What to do with discarded research data?

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What to do with discarded research data?

Some time ago, I was looking for anything related to the birth, or the family, of a lady who married into my line back in 1834. All I could see was one baptism that looked a good match some 30-or-so miles away. Hence, I had to research her and follow it through until I knew whether it was the same person or a different one.

This took me several months but I amassed a great deal about her family, including many newspaper reports, law information, wills, and BMD certificates.

Unfortunately, I finally came across that one piece of evidence that proved it was a different lady with the same name and date of birth.

However, I'm now left with a lot of data that isn't directly related to my own family but which I'm loath to simply throw away. I'm wondering what options there are to pass it on or publish it. Sure, I could upload the lineage parts into some online tree but that's not so easy with all the documentation and the reasoning.

ACProctor

Posted 2012-10-19T16:11:05.333

Reputation: 5 762

Is "discarded" the term that you want in the question title and first line? – GeneJ – 2012-10-19T18:26:17.447

3"Discarded" is a bit misleading. Perhaps "What should I do with research for somebody not in my tree?" It's a little verbose though. – None – 2012-10-19T19:32:27.023

Perhaps the word "irrelevant" is closer and more concise. – American Luke – 2012-10-22T21:13:47.117

Answers

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If you have the bulk of the data with source citations in a genealogy program, I would recommend submitting it to a public, online, non-profit site so that it can be discovered and retrieved when someone searches for the person. Commercial sites like Ancestry seem inappropriate for this donation, and it looks like placement with nonprofit libraries like that of the Society of Genealogists would make only a catalog entry visible online, meaning the chances of discovery would be much reduced. Of course you could decide to place the data with more than one repository, gaining the benefits of their different natures.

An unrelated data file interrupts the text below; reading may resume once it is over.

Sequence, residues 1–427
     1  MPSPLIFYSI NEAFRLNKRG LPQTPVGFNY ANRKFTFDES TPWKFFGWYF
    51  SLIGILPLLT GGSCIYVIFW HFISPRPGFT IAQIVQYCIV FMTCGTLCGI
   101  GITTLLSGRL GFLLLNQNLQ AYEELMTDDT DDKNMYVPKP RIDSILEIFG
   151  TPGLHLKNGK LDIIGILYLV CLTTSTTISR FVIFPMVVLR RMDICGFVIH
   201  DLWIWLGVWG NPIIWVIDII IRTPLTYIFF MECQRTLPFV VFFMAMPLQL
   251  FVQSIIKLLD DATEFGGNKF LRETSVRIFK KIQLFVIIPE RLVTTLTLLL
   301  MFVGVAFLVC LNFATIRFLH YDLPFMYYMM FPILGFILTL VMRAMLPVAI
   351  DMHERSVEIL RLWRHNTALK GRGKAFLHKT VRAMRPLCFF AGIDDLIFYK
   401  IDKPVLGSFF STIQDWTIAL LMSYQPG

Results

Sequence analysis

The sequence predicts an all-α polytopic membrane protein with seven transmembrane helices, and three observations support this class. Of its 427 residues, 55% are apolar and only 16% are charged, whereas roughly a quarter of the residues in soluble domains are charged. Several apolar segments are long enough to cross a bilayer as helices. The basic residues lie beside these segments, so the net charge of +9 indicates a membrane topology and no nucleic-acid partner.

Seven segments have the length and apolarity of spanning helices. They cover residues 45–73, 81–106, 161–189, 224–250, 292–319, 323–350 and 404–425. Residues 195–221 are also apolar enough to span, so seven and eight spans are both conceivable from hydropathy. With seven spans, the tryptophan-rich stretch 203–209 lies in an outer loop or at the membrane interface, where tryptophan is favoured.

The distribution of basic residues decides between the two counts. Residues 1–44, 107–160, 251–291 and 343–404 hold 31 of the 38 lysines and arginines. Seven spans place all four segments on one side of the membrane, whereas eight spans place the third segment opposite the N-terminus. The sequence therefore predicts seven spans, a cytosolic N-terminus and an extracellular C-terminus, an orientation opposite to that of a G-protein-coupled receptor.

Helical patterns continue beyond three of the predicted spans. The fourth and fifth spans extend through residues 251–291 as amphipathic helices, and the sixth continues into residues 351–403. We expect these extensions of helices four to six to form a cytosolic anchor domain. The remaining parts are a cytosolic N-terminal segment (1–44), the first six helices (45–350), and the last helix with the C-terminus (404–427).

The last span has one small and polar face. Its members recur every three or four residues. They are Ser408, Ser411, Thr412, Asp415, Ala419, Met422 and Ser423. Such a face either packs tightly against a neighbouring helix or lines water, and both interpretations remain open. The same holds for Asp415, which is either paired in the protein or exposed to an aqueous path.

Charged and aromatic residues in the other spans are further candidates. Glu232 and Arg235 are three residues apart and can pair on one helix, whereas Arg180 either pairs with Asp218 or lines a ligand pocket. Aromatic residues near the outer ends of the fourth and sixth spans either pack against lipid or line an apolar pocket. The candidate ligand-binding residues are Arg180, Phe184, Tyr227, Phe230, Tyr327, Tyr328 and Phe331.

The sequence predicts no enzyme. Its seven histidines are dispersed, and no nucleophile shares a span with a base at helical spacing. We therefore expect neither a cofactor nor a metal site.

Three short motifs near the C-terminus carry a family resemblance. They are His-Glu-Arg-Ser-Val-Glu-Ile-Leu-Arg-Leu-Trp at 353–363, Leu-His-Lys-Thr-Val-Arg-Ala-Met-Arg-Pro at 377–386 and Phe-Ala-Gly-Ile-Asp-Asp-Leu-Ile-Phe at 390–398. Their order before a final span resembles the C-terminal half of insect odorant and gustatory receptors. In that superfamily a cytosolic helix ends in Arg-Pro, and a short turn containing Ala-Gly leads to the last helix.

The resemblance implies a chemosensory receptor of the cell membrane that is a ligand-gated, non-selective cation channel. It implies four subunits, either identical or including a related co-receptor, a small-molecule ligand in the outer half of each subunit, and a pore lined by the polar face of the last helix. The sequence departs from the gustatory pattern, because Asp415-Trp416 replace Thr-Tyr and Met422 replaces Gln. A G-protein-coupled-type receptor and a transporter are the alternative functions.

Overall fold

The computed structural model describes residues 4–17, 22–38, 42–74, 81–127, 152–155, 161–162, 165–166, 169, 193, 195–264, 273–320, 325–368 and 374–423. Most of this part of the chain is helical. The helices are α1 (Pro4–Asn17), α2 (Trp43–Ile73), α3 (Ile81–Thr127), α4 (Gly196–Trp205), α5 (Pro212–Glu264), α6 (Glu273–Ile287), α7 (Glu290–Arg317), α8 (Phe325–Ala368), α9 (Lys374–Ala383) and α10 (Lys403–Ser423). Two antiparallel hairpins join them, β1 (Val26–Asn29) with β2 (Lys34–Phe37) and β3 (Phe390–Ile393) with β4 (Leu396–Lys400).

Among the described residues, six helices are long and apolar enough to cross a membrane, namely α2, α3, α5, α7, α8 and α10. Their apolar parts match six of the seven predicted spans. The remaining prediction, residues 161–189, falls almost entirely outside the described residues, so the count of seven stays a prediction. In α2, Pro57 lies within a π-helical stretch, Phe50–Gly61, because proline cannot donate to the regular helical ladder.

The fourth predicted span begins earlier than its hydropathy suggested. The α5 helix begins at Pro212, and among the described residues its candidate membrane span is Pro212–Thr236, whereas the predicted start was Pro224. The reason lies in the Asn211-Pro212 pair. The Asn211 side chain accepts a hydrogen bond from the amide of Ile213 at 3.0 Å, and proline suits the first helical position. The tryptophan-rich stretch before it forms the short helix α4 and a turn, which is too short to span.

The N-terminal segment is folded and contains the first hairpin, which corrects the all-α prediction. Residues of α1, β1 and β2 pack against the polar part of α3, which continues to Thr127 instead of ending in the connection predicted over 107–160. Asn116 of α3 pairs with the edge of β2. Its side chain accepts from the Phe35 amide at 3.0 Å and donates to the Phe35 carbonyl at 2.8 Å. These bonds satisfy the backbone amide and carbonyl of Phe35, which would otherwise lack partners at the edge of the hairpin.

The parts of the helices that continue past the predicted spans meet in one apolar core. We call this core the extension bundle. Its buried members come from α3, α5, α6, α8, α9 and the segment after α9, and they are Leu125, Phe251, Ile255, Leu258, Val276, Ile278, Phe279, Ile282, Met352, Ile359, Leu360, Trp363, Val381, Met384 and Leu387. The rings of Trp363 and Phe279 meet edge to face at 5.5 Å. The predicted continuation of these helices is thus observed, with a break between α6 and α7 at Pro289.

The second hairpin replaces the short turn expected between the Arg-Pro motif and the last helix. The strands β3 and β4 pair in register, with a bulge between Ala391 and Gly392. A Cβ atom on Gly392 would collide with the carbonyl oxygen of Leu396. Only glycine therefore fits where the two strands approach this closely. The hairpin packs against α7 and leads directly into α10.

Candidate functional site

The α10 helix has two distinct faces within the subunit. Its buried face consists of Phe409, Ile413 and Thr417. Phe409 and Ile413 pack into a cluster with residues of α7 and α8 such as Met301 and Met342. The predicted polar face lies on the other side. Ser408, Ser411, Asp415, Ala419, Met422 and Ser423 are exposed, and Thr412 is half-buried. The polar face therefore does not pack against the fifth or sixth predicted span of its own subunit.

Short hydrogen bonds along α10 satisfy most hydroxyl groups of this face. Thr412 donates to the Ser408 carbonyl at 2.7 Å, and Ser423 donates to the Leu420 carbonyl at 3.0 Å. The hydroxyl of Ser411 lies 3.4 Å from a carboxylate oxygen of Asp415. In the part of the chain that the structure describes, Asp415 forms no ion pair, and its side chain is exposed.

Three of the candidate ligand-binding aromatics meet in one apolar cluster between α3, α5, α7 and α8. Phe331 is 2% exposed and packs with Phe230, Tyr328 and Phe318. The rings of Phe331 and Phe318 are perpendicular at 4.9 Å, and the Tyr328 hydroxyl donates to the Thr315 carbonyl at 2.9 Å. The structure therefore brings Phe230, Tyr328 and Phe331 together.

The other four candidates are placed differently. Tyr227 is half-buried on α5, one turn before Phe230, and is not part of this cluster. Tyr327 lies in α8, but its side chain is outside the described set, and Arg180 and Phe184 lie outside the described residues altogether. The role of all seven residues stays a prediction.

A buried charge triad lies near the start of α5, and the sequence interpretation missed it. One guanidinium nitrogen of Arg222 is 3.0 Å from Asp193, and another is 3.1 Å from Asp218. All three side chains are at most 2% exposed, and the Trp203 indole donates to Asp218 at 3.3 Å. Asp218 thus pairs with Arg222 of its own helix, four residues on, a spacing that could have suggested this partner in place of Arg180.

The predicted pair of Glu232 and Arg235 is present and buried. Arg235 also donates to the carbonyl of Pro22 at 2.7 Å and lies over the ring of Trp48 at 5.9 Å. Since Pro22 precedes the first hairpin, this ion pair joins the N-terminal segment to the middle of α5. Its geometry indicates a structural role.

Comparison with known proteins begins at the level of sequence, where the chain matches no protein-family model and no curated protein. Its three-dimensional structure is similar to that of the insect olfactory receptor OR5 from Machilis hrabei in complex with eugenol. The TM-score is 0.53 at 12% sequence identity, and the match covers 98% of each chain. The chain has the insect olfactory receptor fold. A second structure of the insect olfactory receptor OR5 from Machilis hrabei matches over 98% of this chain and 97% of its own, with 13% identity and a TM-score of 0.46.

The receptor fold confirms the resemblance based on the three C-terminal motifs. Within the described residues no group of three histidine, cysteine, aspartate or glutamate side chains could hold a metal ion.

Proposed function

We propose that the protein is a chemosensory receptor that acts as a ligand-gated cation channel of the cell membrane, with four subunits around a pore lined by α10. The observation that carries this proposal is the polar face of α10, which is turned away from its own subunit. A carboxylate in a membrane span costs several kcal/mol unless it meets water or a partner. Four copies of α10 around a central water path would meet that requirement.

The only suitable online nonprofit site I know of is WeRelate.org. It is a site which supports community contributions of genealogical information using a model much like Wikipedia does. The site is associated with the well-known genealogy department of the Allen County Public Library in Fort Wayne, Indiana.

RobertShaw

Posted 2012-10-19T16:11:05.333

Reputation: 3 808

Upvoted for WeRelate.org. – Asparagirl – 2012-10-22T00:35:28.000

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You may want to post about your findings to the appropriate surname forum(s) at sites like RootsWeb and Ancestry -- perhaps someone will recognize the family as their own and you can then send everything to them. I did this several years ago when I received an incorrect birth record for my grandfather, and to my amazement (it's a VERY common surname), someone responded and was thrilled that I had this record for her relative.